Cyrus Harp 
Member since Oct 31, 2013


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Re: “Is UC Berkeley's Plan to Cut Down 54,000 Trees Necessary?

It is impossible to eradicate eucalyptus (or monterey pines) since their seeds already coat the east bay hills, reaching down deep into the soil.

The efforts required to even temporarily decimate their population, what with clear-cutting vast groves, use of thousands of gallons of herbicide, severe soil disturbance, erosion suffocating streams, etc., will wreak havoc on the local ecosystems, viciously slaughtering the innumerable birds, butterflies, and furry creatures that live in the eucalyptus forests.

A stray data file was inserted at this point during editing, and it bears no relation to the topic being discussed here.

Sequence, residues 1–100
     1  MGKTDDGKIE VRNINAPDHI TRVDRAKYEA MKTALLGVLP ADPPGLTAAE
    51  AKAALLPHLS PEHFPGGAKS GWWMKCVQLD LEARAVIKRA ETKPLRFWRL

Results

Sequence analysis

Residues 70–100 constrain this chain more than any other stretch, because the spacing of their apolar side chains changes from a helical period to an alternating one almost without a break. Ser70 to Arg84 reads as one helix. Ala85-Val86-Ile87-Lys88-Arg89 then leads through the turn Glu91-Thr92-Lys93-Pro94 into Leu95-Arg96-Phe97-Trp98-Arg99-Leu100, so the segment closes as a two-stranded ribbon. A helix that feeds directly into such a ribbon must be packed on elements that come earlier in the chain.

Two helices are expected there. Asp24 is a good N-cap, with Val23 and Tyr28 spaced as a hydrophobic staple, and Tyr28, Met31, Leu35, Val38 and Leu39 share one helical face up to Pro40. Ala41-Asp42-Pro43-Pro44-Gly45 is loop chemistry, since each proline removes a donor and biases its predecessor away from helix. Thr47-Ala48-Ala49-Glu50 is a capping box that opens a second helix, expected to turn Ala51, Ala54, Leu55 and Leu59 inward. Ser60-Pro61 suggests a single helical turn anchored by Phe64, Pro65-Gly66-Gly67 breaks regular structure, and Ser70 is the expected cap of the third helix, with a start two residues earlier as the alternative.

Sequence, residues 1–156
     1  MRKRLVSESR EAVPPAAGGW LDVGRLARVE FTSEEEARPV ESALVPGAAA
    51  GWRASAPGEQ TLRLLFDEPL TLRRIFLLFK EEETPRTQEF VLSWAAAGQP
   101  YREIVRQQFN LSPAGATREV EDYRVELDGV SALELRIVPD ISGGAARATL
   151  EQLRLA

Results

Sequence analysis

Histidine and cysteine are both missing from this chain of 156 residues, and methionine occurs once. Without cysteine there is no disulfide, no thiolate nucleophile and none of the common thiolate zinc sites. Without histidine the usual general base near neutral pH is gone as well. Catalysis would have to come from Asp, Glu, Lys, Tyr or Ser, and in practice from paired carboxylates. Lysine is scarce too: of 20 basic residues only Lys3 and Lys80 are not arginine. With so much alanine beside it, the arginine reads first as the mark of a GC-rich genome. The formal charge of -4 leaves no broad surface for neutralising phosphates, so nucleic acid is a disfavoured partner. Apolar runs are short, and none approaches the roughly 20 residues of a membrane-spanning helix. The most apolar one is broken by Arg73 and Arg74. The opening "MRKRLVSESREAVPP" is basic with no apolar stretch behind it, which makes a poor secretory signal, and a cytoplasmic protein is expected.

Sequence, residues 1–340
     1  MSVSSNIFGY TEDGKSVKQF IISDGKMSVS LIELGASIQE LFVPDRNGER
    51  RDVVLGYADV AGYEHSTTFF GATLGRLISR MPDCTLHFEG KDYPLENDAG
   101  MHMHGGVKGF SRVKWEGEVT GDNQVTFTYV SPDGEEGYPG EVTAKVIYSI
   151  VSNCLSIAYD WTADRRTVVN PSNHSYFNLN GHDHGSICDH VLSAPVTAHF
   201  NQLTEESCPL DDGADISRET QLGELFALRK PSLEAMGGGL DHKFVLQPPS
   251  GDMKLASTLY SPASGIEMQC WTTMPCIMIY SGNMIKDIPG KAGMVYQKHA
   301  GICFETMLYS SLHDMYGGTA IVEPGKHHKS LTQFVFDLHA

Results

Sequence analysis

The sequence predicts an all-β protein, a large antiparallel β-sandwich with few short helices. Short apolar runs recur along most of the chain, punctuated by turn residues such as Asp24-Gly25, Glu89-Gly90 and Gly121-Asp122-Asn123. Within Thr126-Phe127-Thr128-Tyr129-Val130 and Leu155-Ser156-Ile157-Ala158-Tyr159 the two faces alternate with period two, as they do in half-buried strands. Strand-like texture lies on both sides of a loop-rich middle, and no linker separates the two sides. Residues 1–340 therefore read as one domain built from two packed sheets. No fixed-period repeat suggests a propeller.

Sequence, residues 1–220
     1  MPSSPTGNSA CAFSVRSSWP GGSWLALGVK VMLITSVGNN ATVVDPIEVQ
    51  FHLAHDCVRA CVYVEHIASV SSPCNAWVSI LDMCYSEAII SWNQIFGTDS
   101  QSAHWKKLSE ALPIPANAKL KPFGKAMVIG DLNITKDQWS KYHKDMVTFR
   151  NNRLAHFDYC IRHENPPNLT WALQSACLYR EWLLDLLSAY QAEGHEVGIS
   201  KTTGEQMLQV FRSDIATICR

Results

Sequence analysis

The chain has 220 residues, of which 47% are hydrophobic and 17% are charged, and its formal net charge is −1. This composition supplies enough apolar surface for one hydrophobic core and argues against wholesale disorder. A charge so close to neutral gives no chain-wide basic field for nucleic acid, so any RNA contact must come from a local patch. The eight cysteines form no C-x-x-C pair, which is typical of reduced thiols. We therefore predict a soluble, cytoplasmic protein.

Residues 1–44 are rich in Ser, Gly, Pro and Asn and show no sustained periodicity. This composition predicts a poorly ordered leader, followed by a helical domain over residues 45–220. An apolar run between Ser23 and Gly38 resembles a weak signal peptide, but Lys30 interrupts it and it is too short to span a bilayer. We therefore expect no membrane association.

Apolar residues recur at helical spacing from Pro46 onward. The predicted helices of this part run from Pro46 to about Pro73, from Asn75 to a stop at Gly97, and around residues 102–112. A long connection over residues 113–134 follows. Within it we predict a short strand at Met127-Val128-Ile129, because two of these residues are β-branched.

Besides, fires can still burn in the "native" forests. True, eucalyptus trees have more flammable bark and fallen wood/leaves, but these traits were actually adapted in Australia to survive regular, low intensity fires.

Virtually all forests in California, and indeed the USA, were regularly burned by Indians for ten thousand years. Our recent prohibition of this controlled burning is the main cause of the severe, uncontrollable fires we have seen in the last century, not "invasive" eucalyptus trees.

Was not every species, including us, "invasive" at some point?

It's hard to find a eucalyptus leaf not full of holes left by little herbivores. Like it or not, the eucalyptus is here to stay, and we should learn to love it as the other animals clearly are.

3 likes, 2 dislikes
Posted by Cyrus Harp on 10/31/2013 at 12:35 PM

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